first influx of settlers occurred around 1900 as immigrants began to buy plots
of land for agricultural purposes in the community and other surrounding townships.
The success of these early settlements was largely hampered by the lack of good
agricultural land along with bad weather and rugged topography. Attempts to
develop farming communities at Cape Scott, San Josef Bay, and Sea Otter Cove
proved to be dependent on overland connections to Holberg, which would serve as
the primary point of entry to these communities from the south and the township
of Holberg grew in population.
In 1938, logging started to take off and soon after the first logging camp was
built, the Canadian military selected Holberg as the sight of a new radar
base. Holberg supported a military base with over 1000 residents during
the 50s. Both forestry and military needs would combine to finally justify large
scale road building in the region. By the 1970's, a paved road linked Holberg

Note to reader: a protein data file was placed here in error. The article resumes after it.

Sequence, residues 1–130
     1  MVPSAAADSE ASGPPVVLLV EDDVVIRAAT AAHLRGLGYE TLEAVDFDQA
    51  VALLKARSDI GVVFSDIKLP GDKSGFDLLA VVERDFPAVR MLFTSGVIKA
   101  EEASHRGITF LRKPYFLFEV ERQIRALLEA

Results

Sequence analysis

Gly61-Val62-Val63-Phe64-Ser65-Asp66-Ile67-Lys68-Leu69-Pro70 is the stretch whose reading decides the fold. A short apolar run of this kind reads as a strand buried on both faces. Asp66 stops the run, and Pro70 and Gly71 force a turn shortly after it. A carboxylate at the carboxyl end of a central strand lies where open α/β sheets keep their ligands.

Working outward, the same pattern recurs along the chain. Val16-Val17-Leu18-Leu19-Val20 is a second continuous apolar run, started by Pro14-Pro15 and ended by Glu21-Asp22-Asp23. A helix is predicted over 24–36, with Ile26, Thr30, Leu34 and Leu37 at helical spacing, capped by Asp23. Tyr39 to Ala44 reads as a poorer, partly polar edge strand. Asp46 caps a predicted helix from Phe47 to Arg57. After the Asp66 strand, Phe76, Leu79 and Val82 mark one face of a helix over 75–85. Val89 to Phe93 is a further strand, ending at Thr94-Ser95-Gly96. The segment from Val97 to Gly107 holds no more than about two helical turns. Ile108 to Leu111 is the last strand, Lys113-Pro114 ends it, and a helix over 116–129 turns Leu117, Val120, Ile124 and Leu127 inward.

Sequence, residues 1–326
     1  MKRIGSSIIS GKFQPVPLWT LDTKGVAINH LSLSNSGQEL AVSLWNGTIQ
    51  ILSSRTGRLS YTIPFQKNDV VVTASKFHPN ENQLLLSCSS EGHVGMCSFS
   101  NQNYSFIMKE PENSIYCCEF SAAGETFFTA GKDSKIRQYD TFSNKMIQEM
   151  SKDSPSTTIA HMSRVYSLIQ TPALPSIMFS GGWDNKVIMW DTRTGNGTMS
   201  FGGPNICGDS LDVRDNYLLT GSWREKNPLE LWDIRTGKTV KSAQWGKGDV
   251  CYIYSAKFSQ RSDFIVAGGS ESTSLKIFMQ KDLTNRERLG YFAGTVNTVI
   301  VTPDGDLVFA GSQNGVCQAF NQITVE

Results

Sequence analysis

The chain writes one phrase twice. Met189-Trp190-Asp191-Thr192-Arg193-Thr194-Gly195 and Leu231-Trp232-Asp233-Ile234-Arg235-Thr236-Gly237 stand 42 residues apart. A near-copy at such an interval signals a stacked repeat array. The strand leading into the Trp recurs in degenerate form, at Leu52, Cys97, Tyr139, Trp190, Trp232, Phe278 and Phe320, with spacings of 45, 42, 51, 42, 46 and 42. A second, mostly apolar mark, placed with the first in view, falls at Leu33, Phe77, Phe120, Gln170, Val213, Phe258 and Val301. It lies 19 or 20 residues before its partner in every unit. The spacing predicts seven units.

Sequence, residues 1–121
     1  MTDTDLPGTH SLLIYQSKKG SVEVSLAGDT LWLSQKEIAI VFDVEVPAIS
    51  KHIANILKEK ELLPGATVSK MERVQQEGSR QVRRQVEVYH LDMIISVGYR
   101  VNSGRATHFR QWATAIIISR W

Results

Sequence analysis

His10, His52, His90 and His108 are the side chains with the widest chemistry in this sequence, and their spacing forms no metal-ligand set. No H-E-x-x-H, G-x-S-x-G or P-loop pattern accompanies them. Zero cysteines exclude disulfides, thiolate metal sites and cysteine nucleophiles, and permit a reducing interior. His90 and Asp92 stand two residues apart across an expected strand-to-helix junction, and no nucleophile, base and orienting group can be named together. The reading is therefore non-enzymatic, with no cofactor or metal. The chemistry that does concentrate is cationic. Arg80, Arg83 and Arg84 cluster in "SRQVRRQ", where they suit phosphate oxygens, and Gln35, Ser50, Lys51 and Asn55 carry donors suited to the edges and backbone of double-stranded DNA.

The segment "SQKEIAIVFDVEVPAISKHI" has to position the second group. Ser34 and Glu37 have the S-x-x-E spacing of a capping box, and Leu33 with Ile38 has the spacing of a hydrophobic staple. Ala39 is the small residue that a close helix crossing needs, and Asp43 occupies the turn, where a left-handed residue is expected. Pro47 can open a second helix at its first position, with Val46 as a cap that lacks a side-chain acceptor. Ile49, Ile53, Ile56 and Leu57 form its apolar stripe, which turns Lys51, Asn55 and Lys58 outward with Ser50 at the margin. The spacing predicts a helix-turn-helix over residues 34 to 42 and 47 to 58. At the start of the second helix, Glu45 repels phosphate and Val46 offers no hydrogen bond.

with Port Hardy. But the road came too late for those North Island settlers who
were forced to endure seventy years of isolation. Cape Scott, San Josef Bay, and
Sea Otter Cove had ceased to exist as viable communities. All that remained was
the town of Holberg, which itself was on the decline. In 1991 the Radar base was
finally closed down, the logging and forestry operations around Holberg had
already been reduced big time. Today, Holberg is little more then a gas station
and general store on the road to Cape Scott Provincial Park.
Vancouver Island North of Nanaimo remained unsettled by white immigrants up
until around 1881. After the 1884 Land Titles Act, optimistic immigrants began
to stake claims over plots in various regions of the North Island. The settlers
could choose any vacant 160 acre plot , as outlined by government officials. The
first group of immigrants to settle in the Holberg district were the Danes. The